The pound has also slipped back even as Bank of England Chief economist Huw Pill painted a picture of higher rates for longer in a speech in South Africa earlier today. His metaphor that he preferred to see a rate profile along the lines of a “Table Mountain” approach, was used to illustrate this point. The contents of the speech appeared to suggest that while inflation levels remained elevated, there was an acknowledgement that a lot of the recent rate hikes hadn’t yet been felt, raising the risk of overtightening, and that monetary policy was already sufficiently restrictive. This would appear to suggest that a consensus is growing that the Bank of England could be close to the end of its rate hiking cycle, with perhaps one more at most set to be delivered in September.
There also appears to be an increasing debate over the 2% inflation target as being too low given current levels of inflation, with arguments being made for increasing it to 3% or 4%. The 2% target has been a key anchor of central bank monetary policy over the last 30-40 years, and while it has served a useful purpose in anchoring inflation expectations some are arguing that trying to return it to 2% could do more harm than good.
That may well be true, but there is also the argument that in moving the goalposts on the current inflation target now it sends the message that central banks are going soft in getting inflation under control, and that rather than return it to target over a longer period, it’s easier to move the goalposts. The time to have moved the inflation target was when inflation was below or at 2%, not while its miles above it. Optics is everything and while inflation is well above target central banks need to send the message that inflation remains their number one priority, and not water down their long-term commitment to it because its too hard. The time to discuss a change of a target is when that target has been met and not before. Once that happens the discussion on an inflation target, or an inflation window of 1.5% to 3.5% can begin.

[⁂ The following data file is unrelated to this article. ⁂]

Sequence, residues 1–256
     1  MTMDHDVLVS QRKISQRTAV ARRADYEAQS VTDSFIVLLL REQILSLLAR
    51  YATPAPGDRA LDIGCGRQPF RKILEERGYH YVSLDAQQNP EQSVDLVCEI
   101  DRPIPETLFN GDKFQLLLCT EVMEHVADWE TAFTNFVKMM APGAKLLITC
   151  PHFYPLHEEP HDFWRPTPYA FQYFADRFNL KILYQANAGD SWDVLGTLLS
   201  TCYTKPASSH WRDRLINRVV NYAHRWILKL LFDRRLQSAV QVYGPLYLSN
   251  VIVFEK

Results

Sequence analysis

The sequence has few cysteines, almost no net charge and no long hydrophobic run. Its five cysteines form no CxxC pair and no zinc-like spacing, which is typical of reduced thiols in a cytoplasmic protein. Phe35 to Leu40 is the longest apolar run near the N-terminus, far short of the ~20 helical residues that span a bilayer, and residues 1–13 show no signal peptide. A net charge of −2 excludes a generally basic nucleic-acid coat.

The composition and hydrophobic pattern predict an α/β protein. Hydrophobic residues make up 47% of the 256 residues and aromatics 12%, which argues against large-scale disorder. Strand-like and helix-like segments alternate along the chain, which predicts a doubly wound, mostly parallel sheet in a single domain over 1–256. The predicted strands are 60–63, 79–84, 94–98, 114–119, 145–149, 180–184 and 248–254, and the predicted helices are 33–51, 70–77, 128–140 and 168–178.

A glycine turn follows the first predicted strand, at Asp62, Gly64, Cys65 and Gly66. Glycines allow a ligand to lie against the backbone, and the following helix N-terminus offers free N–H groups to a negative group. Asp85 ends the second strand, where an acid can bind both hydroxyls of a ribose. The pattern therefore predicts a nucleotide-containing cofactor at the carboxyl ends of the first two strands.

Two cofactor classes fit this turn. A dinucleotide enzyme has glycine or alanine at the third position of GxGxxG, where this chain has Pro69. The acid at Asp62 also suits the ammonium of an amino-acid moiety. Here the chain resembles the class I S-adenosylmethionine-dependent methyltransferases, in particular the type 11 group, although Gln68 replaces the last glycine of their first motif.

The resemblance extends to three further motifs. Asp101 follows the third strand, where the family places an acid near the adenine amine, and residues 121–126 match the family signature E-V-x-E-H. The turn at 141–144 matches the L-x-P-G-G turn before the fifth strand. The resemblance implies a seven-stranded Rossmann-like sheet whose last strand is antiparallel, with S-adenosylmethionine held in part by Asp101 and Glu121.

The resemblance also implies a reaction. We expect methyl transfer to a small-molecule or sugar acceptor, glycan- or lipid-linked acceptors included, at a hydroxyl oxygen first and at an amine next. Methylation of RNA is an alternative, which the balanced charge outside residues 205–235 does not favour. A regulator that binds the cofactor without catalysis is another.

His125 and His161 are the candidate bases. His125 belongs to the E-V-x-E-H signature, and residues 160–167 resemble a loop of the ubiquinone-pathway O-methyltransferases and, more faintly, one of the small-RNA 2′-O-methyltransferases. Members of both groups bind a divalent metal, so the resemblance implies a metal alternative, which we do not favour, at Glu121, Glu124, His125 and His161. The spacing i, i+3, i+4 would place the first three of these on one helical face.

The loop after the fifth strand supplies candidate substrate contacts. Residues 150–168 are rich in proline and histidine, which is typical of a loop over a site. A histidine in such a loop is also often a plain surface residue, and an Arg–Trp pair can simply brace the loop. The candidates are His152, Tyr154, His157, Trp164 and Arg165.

Another big decline in US inventories yesterday of 10.6m barrels has seen oil prices continue to push higher today, up to two-week highs, with the gains being helped by talk that OPEC+ members could well extend their recent production cuts into October. Gasoline demand has also remained resilient; however, this could slow after US Labour Day next week as US driving season winds down and a lot of the National Parks in the North of the country start to shut down for the winter season.
Gold prices have seen a decent rebound in the last couple of weeks as yields have drifted lower, however they still look set to finish the month lower, despite a growing expectation that we could be close to the end of the central bank rate hiking cycle.
Earnings news from HP after the bell on Tuesday rattled sentiment in the stock as management dialled back profit expectations as it battled against a slow market for new PC sales. Gains seen on the underlying earlier in the week were completely eroded, with the stock falling by close on 10% after the release. One day vol stood at 57.73% versus 35.21% on the month.
Cannabis stocks were lit up on Wednesday after news that the US was considering easing restrictions on marijuana, provided a long overdue lift for the sector. CMC’s proprietary basket of licensed cannabis growers added close on 10% during the session, with one day volatility standing at 173.76% against 96.39% on the month.
In commodities, sugar prices remain in focus although after some solid gains off the back of supply concerns drove the contract to a two-month high, at least a degree of profit taking now appears to be in play. One day vol stood at 53.41% against 41.07% for the month.
And a downward revision in US GDP data on Wednesday proved sufficient to serve up some more weakness for the greenback. Losses against the yen bounced off one-week lows and were short lived, but this underlines the fact that the market remains wary of the downside risk here. One day vol on USD/JPY sat at 9.19% against 7.64% for the month, with NZD/USD seeing even more pronounced activity at 12.83% on the day and 10.97% on the month.